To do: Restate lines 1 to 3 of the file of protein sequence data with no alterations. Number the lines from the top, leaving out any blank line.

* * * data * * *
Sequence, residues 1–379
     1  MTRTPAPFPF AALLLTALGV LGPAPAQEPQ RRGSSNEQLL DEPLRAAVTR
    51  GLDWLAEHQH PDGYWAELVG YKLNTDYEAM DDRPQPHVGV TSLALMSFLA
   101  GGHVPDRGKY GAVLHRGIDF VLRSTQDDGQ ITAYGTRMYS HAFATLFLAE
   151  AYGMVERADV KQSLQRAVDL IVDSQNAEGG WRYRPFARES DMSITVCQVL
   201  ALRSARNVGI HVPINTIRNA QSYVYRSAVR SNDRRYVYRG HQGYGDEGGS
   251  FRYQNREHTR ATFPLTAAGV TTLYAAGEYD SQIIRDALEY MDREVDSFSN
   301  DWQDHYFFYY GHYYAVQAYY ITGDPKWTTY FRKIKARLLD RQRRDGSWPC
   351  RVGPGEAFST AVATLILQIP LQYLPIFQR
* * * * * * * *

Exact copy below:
Sequence, residues 1–379
     1  MTRTPAPFPF AALLLTALGV LGPAPAQEPQ RRGSSNEQLL DEPLRAAVTR
    51  GLDWLAEHQH PDGYWAELVG YKLNTDYEAM DDRPQPHVGV TSLALMSFLA